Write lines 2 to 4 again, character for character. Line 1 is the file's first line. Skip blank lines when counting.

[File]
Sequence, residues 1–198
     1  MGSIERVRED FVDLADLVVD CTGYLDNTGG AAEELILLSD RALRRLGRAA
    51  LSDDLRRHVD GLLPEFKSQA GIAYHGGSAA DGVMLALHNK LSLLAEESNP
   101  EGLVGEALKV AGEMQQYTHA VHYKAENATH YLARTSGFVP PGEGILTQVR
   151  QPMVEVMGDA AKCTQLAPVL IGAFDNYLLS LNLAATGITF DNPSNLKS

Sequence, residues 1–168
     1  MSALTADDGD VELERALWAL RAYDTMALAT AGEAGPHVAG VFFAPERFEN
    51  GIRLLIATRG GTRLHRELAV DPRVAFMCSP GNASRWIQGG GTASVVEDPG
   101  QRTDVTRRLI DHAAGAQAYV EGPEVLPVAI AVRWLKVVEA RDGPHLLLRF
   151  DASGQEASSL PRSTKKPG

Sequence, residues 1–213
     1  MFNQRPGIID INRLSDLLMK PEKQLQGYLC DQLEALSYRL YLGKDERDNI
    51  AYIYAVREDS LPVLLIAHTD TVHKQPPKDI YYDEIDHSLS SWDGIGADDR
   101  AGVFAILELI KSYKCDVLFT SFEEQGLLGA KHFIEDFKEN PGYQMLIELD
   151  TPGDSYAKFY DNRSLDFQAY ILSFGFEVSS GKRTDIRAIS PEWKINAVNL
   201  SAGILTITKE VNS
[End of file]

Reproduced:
     1  MGSIERVRED FVDLADLVVD CTGYLDNTGG AAEELILLSD RALRRLGRAA
    51  LSDDLRRHVD GLLPEFKSQA GIAYHGGSAA DGVMLALHNK LSLLAEESNP
   101  EGLVGEALKV AGEMQQYTHA VHYKAENATH YLARTSGFVP PGEGILTQVR